Lulu's Tamales delivers authentic, handmade tamales in a variety of flavors. Delectable combinations such as chicken and cream cheese and cream cheese and jalapeño arrive directly at doorsteps alongside traditional tamale brethren such as chicken, pork, and beef. Lulu's also provides heating instructions for oven and microwave preparation.
Owners Steve and JoAnn Barker sling their spicy creations—which include 12 to 15 types of tamales and 35 varieties of house-made salsa—from their own store between Ball and Scribner, and at the Grapevine Farmer’s Market on Main Street. Served hot or frozen and prepared without gluten, Tommy’s tamales teem with fresh and creative ingredients, from pumpkin and sweet potato to spinach and cinnamon, with vegetarian options and a breakfast tamale stuffed with sausage and potato. An epic spread of mild to hot house-made salsas seize their spiciness from panoplies of different peppers, including habaneros and serranos, and part their piquant surfs for crispy tortilla chips and roving bands of piñatas.
Arturo and Tina Vargas have a unique way of celebrating their family's central Mexican roots. They make an annual journey to different locales south of the border, ending each trip with a visit to their hometown of Cuernavaca. But these aren't average vacations. Instead, Arturo and Tina use the opportunity to discover new ingredients or recipes that they can bring back to Cristina's Fine Mexican Restaurant, their flavorful franchise of Texas eateries. Their culinary findings appear throughout the menu of Tex-Mex cooking.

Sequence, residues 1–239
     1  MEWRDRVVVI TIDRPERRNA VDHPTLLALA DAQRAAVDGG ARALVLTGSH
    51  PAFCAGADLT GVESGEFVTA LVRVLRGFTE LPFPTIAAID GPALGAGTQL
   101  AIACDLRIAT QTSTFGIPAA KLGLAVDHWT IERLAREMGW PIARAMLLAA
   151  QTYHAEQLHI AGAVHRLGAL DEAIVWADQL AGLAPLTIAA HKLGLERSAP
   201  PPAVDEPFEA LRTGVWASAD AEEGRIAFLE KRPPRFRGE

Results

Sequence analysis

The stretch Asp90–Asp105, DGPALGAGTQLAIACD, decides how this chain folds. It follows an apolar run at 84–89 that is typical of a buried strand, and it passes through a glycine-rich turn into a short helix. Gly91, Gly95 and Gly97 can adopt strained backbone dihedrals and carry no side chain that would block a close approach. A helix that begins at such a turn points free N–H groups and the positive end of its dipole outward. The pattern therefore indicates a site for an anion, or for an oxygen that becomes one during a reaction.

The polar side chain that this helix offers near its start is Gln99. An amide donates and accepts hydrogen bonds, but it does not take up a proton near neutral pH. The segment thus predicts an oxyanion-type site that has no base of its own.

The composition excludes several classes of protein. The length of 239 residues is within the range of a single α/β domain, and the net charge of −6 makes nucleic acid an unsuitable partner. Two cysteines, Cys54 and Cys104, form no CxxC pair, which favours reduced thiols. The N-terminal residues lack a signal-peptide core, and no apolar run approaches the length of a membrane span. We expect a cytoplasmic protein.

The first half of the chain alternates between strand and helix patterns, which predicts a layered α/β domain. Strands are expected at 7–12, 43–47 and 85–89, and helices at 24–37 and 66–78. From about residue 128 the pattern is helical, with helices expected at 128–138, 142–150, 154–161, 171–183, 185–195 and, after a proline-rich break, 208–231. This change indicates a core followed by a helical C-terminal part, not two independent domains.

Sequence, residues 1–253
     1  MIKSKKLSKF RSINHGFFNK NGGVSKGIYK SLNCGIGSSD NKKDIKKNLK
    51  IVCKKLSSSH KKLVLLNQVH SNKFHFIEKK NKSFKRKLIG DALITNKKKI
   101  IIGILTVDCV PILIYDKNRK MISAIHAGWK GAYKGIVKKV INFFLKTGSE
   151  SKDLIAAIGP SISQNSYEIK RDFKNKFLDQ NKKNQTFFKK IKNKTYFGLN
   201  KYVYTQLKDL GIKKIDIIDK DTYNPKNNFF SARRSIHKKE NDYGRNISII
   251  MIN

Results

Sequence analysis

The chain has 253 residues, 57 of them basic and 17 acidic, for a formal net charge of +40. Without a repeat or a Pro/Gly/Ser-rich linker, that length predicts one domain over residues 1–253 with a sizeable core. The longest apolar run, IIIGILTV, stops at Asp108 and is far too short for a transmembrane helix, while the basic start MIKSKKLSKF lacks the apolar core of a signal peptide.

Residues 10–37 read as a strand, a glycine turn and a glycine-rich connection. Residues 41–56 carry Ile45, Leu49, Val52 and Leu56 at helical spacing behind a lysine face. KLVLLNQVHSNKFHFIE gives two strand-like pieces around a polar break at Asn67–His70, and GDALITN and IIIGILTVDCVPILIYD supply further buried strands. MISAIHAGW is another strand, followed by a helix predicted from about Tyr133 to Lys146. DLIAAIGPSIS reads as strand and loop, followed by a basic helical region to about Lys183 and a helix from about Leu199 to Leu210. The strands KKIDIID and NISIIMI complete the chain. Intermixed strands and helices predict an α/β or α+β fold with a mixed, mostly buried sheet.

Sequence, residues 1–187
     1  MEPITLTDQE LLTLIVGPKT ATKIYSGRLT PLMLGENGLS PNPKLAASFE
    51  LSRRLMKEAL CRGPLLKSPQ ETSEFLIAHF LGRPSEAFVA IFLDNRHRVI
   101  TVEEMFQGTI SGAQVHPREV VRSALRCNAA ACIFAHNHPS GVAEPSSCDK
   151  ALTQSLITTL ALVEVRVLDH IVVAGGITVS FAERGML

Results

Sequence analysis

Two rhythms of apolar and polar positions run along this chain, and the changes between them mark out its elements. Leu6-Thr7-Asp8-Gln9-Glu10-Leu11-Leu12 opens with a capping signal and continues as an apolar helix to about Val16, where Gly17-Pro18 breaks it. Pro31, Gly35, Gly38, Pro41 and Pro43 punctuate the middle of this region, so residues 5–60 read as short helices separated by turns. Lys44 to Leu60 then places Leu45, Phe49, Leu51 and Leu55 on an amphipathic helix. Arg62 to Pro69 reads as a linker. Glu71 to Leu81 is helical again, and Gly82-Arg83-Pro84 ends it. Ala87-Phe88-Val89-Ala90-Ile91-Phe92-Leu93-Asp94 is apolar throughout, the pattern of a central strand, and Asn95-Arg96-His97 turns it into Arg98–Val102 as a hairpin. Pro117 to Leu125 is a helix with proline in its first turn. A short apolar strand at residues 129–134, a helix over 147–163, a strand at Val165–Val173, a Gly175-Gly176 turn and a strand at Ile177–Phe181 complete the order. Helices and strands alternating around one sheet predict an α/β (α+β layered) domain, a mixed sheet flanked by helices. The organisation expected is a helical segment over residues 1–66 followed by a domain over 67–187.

The staff at each of the Vargas' venues wholeheartedly embraces those deep roots, making flour tortillas in-house, hand-rolling enchiladas, and preparing orders of guacamole directly beside diners' tables. But that's not to say the dishes are expected?salmon with pineapple butter and fried chicken breast with white wine-cream sauce demonstrate some of the kitchens' more experimental inclinations. Flavored margaritas and mojitos can add spirited refreshment to meals, as can any of the beers that the restaurants import from Mexico via man with a very strong throwing arm.
Los Jimadores is the Mexican term for the skilled farmers who cultivate the hearts (or pi?as) of blue agave plants, so crucial to the production of tequila. These pi?as can weigh anywhere from 40 to 200 pounds and require its harvester to answer a devilish riddle. It's not a job for the weak of arm, but the heavenly results of that labor can be tasted in Los Jimadores' signature margaritas, including the Herradura French margarita and coconut margarita. These drinks will find no shortage of dance partners on the expansive menu, which aims to cover all bases on both sides of the border: traditional tacos and enchiladas with homemade corn and flour tortillas, Tex-Mex chimichangas, guacamole made tableside, chorizo-laced breakfast omelets. The equally ambitious desserts offset fried ice cream with the pastel imposible, a gravity-flouting blend of flan and chocolate cake. Los Jimadores can also host parties of up to 80 people in a private room.
Cosa Rica Tex Mex's brand-new eatery treats visitors to satisfying meals of south-of-the-border fare, from hearty breakfast tacos stuffed with sausage and egg to heartwarming, homey bowls of tortilla soup. Customers lounge amid festively hued walls and bright-red and yellow tables, chomping down on tacos stuffed with pork carnitas or beef barbacoa or making airplane noises as they dunk chips into piles of guacamole or salsa. At lunch, diners dig into bowls full of black beans, fajita chicken, and zesty mexican rice, or enjoy the cheesy goodness of a hot quesadilla or enchilada.